I look back at my life and it’s clouded with a sadness; I don’t have many memories where it’s simply all sunshine and rainbows. And up until last year I was just claiming that I was just too emotional; it was just who I am; I just had to deal with it. Just, just, fucking just.

It always confused me because I would put so much weight on things I didn’t think I actually cared about; so while I was crying about one thing, I was arguing with myself for caring enough to cry about it. Over the years, in my mind, I’d deal irrationally with the way something ended with someone or something one of my friends said once, or making a god-awful decision that I knew I would regret but doing it anyway. I knew in the back of my mind that I wasn’t actually sad about whatever the thing at the time was – but I was sad. And I didn’t know why. So I was going to blame them, or it.

But imagine being my mum when she hears me say, at 16 years old, that I thought it was easier if I just went to sleep forever. It breaks my heart today that she had to hear me say that, but I didn’t know at the time there was anything wrong with it; I thought it was kind of normal. I thought most 16 year olds were that depressed. I wish I could say sorry to her for hearing me say that. And I wish I could go back to that goddamned doctor (who is not my doctor today), and say; listen to this mother, and help this child. She sent me away saying, “just write in your diary.”

Maybe I should also be thanking her, too, as I wouldn’t be the writer I am today without learning to express myself through words.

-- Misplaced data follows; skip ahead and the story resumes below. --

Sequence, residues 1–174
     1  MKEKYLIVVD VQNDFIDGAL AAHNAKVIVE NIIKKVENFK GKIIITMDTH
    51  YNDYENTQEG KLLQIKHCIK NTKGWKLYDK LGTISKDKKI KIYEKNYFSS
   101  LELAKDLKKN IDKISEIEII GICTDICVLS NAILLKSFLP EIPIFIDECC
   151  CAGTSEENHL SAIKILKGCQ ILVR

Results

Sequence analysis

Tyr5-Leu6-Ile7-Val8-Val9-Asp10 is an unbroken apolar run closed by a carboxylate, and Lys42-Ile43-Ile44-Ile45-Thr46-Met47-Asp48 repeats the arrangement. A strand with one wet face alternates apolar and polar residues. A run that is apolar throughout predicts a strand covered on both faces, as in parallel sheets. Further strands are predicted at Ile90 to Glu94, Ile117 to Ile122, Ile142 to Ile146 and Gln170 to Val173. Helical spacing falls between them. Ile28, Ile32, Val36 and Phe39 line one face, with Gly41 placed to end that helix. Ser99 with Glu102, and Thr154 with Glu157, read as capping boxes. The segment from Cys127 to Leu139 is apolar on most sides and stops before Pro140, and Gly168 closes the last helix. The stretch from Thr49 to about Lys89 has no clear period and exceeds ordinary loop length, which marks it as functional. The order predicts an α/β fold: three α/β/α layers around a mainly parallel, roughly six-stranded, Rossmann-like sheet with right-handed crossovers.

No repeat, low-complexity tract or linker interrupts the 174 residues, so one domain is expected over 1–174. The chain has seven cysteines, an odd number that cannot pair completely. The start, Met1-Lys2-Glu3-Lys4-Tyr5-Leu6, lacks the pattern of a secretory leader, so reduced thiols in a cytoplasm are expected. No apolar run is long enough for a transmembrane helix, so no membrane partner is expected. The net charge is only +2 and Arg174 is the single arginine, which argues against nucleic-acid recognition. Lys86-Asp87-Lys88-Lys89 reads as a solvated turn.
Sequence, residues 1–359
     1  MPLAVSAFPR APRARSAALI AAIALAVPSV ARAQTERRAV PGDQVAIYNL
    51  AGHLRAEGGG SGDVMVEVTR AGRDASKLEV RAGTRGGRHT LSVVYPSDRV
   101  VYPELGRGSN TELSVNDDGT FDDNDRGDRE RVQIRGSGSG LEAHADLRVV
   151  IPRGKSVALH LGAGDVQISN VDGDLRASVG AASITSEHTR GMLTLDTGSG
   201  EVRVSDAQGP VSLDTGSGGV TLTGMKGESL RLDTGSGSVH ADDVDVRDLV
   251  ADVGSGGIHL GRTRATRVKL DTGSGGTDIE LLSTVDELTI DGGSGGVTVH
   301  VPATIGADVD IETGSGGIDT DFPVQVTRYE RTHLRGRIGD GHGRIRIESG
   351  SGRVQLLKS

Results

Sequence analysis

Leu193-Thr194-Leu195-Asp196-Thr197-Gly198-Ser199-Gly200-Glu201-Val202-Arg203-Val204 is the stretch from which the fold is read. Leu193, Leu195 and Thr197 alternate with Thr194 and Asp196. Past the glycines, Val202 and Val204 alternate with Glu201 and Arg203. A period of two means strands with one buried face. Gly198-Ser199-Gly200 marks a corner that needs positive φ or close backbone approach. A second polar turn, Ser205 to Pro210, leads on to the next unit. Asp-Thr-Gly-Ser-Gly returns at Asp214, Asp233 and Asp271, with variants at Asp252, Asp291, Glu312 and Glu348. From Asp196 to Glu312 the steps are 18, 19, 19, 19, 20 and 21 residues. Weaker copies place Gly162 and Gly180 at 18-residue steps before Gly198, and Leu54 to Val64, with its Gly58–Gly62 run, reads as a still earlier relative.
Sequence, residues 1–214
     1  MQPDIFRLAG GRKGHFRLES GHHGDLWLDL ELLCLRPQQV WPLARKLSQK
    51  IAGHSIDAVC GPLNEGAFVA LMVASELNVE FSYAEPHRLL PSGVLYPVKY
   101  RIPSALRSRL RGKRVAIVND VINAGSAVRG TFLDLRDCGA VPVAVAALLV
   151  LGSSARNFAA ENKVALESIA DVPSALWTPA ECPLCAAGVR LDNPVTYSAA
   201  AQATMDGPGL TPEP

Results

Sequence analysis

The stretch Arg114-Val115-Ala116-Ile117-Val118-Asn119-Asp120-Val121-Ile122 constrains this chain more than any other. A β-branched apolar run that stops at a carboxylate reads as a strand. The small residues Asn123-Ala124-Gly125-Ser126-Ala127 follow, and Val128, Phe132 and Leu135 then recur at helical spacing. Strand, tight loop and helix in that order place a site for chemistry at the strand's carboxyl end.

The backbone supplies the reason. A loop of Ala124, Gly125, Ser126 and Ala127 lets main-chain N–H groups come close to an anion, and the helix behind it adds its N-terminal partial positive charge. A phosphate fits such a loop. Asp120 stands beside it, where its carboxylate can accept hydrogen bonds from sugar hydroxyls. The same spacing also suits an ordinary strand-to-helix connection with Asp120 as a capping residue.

For quite some time it was also incredibly easy to say, “oh I’m just sad about mum.” And sometimes it was as simple as wishing I had her to come home to at the end of the day, but a lot of the time, the grief was just accompanied with the depression, and I simply didn’t see the point in it at all.

I’ve had very few moments in life where I’ve actually truly broken. All in the weirdest and most inconsequential times. In a Kmart carpark after a shift at the pub. On the side of the goddamn road in Sydney, during work. When I dropped a bloody punnet of blueberries on the floor. And as I was driving home one night last year and I was genuinely scared I couldn’t take care of my own life.

I say this all not to gain any sympathy; please, I really don’t want it. But to raise a bit of awareness. In school, most people thought I was happy-go-lucky, ray of fucking sunshine Racquel. I was always happy. I was always laughing. I was always really bloody loud; but part of that was a mask. Some days it was true to me; when I’m happy, I’m obnoxiously so, so they saw that a lot. But when I’m sad, I always used to try and hide it. So I’d laugh a little louder. Be a little more annoying. Think, don’t look into these goddamn eyes because I’m scared of what you’ll see.

There are usually warning signs, but unfortunately as a species, we can be incredibly self-involved. Not always in a bad way, because we’ve all got shit going on. But honestly, just the occasional message to say you love someone is all they need.

And today, tomorrow, and every day, when your friends say “ARE YOU OKAY?”

Answer honestly.

You could save your own life.